By Michael Raffety
Mountain Democrat 4-9-12
Thomas Kinkade, the self-described ”Painter of Light,” died April 6 at his home in Los Gatos. He was 54. He reportedly died “of natural causes.”
Always said to be a religious man who credited God for his talent, he died on Good Friday.
Born in Sacramento in 1958, Kinkade moved to Placerville as a youth and graduated from El Dorado High School.
Kinkade first came to attention of this newspaper in the mid-1980s when he brought in a painting of a cloud-shrouded mountain scene that impressed everyone in the newsroom.
The next time we encountered Kinkade was in 1987 after this reporter printed Christmas cards of the Prouty barn on Green Valley Road in the snow to raise funds for the California Vietnam Veterans Memorial. (The barn later burned down.) Kinkade offered to do Christmas cards and prints for the Mountain Democrat. In exchange for selling a set number of prints and cards in 1988 the Democrat would retain ownership of the original oil painting.
It was a formula he had established previously while working with his former high school English teacher the late Gordon Purdy, who was president of Friends of Library. The library group sold enough prints to retain the painting and make money for the group. The painting of downtown Placerville at dusk in about 1916 hangs in the library. Kinkade did two other downtown Placerville paintings, one of Old Sacramento, several Victorian houses of Placerville and then branched out into other subjects. But each year he sold prints and Christmas cards in Placerville through most of the 1990s.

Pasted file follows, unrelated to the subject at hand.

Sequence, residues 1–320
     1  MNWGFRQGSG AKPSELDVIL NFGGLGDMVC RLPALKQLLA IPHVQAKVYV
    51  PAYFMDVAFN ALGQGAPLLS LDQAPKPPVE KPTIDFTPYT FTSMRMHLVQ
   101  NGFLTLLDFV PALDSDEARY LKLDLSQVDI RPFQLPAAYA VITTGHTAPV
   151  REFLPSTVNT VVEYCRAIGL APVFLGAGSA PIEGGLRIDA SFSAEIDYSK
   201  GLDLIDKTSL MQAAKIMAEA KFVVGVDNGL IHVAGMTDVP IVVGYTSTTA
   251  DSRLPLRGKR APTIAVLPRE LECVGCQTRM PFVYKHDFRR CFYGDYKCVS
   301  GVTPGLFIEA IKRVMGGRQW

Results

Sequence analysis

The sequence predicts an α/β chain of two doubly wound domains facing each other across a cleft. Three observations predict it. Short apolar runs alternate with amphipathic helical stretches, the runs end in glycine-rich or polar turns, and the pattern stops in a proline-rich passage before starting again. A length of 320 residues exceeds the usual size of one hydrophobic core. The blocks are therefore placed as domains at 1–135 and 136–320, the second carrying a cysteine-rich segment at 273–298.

It was the Purdy-Friends deal that got him started in the print business and after that the arrangement with the Mountain Democrat really helped him launch his career. A 1989 article in Southwest Art on Kinkade by this writer brought him national attention.
Kinkade maintained a studio on Wallace Road near the Red Barn on Highway 49 just outside of Placerville, until he moved to Carmel.
Once he ran out of Placerville scenes for Christmas cards he started the series of cottages and generic Victorians, renaming each for the area in which he was selling prints – Placerville, Roseville, etc.
He painted so many cottages that they tended to blend together. Yet they remained popular, even forming the basis of a subdivision in Fairfield and lounge chairs.
The cottage paintings had their critics, though.
Said writer Joan Didion, “A Kinkade painting was typically rendered in slightly surreal pastels. It typically featured a cottage or a house of such insistent coziness as to seem actually sinister, suggestive of a trap designed to attract Hansel and Gretel. Every window was lit, to lurid effect, as if the interior of the structure might be on fire. The cottages had thatched roofs, and resembled gingerbread houses. The houses were Victorian and resembled idealized bed-and-breakfasts … ”
Kinkade countered his critics with this statement on his Website: “There is no greater testament to Thom’s mission that art be accessible for everyone to enjoy than the millions of Kinkade images that grace the walls of homes across America and around the world. Through a myriad of genres, Thom’s ability to present his subject in an idyllic setting inspires the viewer to imagine the world full of beauty, intrigue, and adventure.”
A Kinkade print or print on canvas hangs in 1 in every 20 homes, according to a March 24, 2006, article in the Guardian of New York by Oliver Burkeman.
Kinkade attended UC Berkeley and the Art Center College of Design in Pasadena. He then worked for the film industry painting backgrounds.